Legal Opinions on the Impact of the Remits

Kevin Boonstra, lead counsel in the 2018 case of Trinity Western University’s proposed law school before the Supreme Court of Canada, has written a 16-page opinion on the impact of the General Assembly’s Remits. The full document can be downloaded here. Gerard D. Chipeur, who has advocated before the Supreme Court of Canada, has written a similar 7-page opinion that concludes, “Decisions on doctrine belong to the PCC. Nevertheless, once the decisions are made, the PCC will be required to defend the decisions in the event a couple seeking same-sex marriage disagrees with the religious convictions of local PCC clergy, congregations or members. Should the Remits be implemented in their current form, it will be difficult to effectively defend the position of PCC clergy, congregations or members who refuse to participate in same-sex wedding ceremonies, with potential resulting liability to the PCC itself.” The full document can be downloaded here. Any member of a church court can forward these legal opinions to their court’s clerk and request that it be received for correspondence, since it is pertinent information regarding matters before our church courts.

Key Findings

  1. It is not clear from the language of the Remits how they would be applied or interpreted within the PCC polity. The Clerks of Assembly have provided a written interpretation in this regard, but that interpretation is not legislatively authoritative. If the Remits were to be adopted, significant changes would be required to be completed in the Book of Forms, subordinate standards and/or other PCC documents. None of these necessary amendments have been provided in draft and, as such, it is very difficult to assess the internal impacts to the PCC and its membership if the Remits are adopted.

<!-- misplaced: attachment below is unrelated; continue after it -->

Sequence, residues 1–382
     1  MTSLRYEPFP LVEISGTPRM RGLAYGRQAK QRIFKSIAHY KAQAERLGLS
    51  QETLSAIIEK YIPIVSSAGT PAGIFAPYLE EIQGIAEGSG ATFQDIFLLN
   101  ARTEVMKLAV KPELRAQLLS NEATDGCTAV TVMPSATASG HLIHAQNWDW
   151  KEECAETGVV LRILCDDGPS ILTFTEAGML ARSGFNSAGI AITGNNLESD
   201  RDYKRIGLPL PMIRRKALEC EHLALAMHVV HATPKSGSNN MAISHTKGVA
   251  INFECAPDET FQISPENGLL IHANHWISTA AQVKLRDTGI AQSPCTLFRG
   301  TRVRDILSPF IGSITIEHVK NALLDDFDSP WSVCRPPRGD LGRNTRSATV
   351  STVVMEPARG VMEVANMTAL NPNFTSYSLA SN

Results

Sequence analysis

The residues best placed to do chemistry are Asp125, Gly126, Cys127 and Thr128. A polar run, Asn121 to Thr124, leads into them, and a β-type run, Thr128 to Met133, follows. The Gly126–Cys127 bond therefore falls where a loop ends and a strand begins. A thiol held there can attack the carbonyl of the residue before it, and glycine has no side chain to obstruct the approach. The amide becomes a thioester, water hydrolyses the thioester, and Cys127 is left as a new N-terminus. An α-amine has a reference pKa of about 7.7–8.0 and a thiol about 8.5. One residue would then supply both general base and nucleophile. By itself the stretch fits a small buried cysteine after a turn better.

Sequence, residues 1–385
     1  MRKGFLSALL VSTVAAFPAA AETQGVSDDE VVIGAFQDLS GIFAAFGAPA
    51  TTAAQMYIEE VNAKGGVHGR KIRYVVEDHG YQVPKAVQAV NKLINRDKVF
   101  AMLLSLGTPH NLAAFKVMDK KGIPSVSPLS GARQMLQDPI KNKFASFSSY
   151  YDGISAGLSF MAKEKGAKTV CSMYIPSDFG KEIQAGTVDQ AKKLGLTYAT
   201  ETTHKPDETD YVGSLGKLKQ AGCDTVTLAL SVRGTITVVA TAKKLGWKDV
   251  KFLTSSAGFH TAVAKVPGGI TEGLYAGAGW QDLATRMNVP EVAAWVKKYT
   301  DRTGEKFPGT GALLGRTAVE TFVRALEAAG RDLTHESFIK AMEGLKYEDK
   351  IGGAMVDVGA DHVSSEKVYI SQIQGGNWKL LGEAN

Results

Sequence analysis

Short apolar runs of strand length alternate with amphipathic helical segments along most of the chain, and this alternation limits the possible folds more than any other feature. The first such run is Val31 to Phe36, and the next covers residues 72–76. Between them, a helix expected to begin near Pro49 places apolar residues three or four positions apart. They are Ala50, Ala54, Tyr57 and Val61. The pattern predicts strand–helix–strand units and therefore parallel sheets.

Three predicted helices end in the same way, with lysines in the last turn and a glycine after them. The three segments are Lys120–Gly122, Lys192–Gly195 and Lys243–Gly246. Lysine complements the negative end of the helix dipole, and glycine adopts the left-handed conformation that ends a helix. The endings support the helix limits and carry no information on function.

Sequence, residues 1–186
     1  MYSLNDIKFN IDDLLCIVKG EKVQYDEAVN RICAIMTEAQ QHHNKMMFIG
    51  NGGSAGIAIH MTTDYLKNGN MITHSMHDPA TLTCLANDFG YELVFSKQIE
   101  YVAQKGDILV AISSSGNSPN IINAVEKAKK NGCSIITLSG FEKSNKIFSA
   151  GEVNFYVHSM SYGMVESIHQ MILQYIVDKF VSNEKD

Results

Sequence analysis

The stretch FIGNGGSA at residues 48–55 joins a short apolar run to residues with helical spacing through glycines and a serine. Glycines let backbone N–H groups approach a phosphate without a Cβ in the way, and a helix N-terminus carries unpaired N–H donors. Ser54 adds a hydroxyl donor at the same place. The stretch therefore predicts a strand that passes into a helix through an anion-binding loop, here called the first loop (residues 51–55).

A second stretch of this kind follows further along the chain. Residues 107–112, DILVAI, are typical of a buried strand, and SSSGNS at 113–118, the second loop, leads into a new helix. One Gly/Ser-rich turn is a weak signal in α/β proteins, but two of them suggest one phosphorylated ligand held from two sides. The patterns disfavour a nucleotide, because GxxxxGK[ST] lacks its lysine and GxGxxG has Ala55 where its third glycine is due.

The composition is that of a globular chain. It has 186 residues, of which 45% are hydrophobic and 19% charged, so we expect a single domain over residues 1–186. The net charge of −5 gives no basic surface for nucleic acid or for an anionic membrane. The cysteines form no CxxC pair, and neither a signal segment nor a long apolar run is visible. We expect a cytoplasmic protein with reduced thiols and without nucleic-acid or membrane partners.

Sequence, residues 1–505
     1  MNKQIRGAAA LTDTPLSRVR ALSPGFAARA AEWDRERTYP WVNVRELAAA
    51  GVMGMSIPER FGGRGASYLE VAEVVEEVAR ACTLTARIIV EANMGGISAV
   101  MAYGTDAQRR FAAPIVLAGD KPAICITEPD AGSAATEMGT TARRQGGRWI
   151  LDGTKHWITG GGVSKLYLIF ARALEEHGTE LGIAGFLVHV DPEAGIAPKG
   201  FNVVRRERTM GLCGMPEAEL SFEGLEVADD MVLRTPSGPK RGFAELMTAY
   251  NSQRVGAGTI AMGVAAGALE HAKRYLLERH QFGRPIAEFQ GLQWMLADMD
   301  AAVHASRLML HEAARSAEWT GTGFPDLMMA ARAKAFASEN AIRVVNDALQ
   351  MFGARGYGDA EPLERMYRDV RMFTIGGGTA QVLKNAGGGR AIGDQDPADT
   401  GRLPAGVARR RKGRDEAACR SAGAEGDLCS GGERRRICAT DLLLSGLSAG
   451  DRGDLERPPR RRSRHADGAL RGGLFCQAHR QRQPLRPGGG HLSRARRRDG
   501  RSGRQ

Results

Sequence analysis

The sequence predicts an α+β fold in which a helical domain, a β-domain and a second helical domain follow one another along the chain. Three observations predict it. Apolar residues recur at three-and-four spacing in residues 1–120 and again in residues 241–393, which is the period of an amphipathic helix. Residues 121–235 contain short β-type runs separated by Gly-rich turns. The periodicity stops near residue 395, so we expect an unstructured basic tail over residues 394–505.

In any event, the interpretation of the Clerks of Assembly on the impact of adoption of the Remits do not take into account what Canadian federal and provincial law may require of PCC congregations, Presbyteries, ministers or ruling elders.

  2. The law currently protects clergy from being compelled by statute to perform same-sex marriage ceremonies against their religious beliefs, particularly in two provinces and one territory that have enacted statutory protections. However, this may not be the case in provinces in which such legislation does not exist or in the longer term given current trends in the law and how the Charter of Rights and Freedoms has been interpreted and applied in recent legal cases. As interpreted by the Clerks of Assembly, the Remits would not permit ministers to believe in the sinfulness of same-sex marriage in all circumstances. The adoption of the Remits will make it more difficult for PCC ministers to establish a sincerely held religious belief opposing the morality of same-sex marriages, particularly if they are compelled by the PCC to accept ordination of ministers and ruling elders who are in such relationships.